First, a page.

Is Cultural Heritage a Human Right?

One of the horses from a four-horse chariot group

The Guardian reported over the weekend that Turkey plans to petition the European Court of Human Rights for the return of sculptures from the mausoleum of Helicarnassus, currently held by the British Museum.  Norman Palmer is quoted in the piece, “I have not heard of it [human rights] being used to raise a claim for the specific restitution of particular tangible objects … This would be a novel claim.” That strikes me as exactly right, I’ don’t see a direct human right to specific cultural objects. And my initial reaction is skeptical of attempting to use a rights-based approach for repatriation. One difficulty that this principle will have is in application. How would a court decide what should be repatriated and what should not. Are all objects from a region tied to that people’s human rights? And is this right only related to the original situs of the object. Could Londoners argue that they have a corresponding human right in some of the objects in the British Museum which is created because of the display and care of the objects. Lots of interesting questions, and this will be a legal challenge to follow closely. The Guardian makes sure to note that Turkey has had its own human rights record challenged by the Strasbourg court.

The mausoleum sculptures were first removed from what is now modern Turkey in 1846 by the British ambassador to Constantinople and others were taken in subsequent excavations by archaeologist Charles Thomas Newton.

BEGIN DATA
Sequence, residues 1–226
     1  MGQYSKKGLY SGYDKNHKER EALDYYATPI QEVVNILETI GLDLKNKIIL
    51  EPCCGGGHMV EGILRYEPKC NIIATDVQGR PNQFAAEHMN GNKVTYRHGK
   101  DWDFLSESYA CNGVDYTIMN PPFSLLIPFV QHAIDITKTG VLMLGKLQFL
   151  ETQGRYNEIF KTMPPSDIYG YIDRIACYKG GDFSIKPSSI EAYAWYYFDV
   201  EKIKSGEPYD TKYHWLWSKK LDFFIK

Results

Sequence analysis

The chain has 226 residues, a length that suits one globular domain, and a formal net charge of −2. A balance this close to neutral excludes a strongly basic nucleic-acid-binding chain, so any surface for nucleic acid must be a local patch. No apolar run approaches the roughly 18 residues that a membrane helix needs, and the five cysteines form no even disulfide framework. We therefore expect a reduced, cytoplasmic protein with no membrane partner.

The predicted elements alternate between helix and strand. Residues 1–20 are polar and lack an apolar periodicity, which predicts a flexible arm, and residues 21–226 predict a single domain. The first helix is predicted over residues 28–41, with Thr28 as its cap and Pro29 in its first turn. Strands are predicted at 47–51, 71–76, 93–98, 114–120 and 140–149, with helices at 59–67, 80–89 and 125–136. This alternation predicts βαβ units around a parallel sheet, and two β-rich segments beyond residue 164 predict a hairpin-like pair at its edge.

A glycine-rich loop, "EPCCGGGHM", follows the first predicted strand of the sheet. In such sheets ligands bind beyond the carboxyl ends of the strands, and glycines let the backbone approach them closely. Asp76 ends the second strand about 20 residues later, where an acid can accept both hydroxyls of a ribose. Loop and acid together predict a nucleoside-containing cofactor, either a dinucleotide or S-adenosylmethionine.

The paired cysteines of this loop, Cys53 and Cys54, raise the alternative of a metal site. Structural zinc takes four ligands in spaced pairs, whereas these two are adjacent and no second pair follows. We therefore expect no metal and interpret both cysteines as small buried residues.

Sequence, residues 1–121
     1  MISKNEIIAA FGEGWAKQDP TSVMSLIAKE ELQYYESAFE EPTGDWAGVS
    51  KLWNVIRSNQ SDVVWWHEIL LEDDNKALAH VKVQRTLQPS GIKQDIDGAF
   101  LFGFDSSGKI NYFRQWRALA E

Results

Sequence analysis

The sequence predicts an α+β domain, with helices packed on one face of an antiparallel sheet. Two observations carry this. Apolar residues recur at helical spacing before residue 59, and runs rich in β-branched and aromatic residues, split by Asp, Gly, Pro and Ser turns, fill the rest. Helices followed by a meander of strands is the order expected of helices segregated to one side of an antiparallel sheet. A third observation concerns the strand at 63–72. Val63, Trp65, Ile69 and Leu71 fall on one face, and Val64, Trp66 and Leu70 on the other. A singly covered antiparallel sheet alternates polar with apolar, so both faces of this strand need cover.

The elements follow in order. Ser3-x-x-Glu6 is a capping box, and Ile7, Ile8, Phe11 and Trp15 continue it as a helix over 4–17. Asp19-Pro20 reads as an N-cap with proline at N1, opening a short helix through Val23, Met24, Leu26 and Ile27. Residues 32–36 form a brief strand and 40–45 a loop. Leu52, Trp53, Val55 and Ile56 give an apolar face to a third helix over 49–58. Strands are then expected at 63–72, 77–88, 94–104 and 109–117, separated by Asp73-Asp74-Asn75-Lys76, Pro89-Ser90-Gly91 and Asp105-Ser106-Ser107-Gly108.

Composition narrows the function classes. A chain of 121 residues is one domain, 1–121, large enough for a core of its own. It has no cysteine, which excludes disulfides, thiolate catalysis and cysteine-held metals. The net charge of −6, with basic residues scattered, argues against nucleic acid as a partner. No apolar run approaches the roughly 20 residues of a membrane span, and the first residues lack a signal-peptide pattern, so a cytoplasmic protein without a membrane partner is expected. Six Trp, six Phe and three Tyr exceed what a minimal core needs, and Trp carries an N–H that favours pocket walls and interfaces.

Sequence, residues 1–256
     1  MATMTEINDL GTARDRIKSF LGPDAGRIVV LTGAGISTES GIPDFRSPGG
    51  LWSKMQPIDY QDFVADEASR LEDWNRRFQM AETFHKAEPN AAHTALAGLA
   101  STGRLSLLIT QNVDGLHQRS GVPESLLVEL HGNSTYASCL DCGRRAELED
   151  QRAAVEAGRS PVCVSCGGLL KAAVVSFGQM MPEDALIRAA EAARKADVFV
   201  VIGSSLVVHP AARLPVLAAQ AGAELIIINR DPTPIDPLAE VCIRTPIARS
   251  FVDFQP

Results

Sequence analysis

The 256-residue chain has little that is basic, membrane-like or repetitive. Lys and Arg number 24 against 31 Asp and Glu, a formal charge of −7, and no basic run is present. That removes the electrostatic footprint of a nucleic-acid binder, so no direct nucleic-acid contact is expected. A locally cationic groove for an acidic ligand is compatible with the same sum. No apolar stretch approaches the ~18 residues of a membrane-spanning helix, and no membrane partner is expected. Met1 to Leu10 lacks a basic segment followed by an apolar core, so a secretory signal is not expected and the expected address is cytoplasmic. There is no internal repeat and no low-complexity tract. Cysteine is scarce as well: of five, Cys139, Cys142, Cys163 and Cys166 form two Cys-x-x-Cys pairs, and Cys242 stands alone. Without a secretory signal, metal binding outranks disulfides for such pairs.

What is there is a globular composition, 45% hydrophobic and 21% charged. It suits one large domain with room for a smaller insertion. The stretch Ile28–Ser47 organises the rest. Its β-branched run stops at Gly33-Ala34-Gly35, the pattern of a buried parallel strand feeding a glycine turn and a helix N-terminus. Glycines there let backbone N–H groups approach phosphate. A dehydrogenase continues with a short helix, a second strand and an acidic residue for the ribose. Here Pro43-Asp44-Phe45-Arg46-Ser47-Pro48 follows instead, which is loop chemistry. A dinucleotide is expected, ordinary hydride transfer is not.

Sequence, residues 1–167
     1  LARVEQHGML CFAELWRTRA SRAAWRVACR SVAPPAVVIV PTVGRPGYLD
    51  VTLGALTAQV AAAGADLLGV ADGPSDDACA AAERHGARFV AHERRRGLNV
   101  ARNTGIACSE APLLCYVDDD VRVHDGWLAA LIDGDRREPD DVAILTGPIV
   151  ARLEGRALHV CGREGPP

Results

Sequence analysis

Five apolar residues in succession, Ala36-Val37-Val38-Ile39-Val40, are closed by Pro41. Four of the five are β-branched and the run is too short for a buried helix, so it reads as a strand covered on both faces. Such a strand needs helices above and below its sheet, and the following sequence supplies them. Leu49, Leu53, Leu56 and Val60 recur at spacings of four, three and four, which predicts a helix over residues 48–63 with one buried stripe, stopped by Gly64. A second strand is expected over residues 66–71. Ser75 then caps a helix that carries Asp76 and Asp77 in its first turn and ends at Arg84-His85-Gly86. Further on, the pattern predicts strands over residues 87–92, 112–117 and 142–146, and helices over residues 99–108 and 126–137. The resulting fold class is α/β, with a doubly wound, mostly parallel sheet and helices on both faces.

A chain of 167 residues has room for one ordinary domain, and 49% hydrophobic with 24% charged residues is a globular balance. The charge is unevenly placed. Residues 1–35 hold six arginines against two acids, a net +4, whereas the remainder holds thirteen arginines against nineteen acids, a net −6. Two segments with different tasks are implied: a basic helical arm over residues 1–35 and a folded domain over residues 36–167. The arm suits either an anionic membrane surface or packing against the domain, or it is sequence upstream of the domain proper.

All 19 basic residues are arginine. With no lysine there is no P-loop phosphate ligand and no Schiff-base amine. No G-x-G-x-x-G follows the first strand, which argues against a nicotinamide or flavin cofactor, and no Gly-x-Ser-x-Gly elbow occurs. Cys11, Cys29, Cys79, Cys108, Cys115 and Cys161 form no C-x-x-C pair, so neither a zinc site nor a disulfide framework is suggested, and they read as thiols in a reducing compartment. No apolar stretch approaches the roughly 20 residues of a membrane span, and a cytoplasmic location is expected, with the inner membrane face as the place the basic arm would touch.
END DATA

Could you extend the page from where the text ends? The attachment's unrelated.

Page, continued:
The piece also notes that the mere act of announcing a challenge will raise questions about the British Museum’s ownership of the sculptures, and will of course cause similar questions to be asked of other bits and pieces of the ancient 7 wonders which are currently held by the British Museum.

  1. Dalya Alberge, Turkey turns to human rights law to reclaim British Museum sculptures the Guardian, (last visited Dec 10, 2012).
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One thought on “Is Cultural Heritage a Human Right?”

  1. I have argued for years in almost all my articles that withholding the cultural artefacts of a people is a permanent violation of their human right to independent cultural development and practice. In one of the articles I stated: “Westerners must finally accept that the stealing, directly or indirectly, the cultural objects of others, constitutes a violation of their human rights and in the case of funeral objects such as the “vigango”, a violation of their religious rights. The greed of some for exotic art cannot be placed above the human rights of others.”

    In another article, I wrote,” The withholding of the cultural objects of the Chinese, for whatever reason, is in itself a violation of the human rights of the Chinese to culture and cultural development as foreseen in Article 22 of the Universal Declaration of Human Rights (1948). Moreover, the social and cultural development envisaged in Article 6 of the International Covenant on Economic, Social and Cultural Rights (1988) can hardly be achieved if a State or community is deprived of its cultural objects”.

    Faced squarely to determine whether withholding cultural object of another nation is a violation of their human rights, a court that is properly and adequately advised, cannot but come to the conclusion that the withholding is a gross violation of a human right. Is cultural development not the great distinction between humans and animals?

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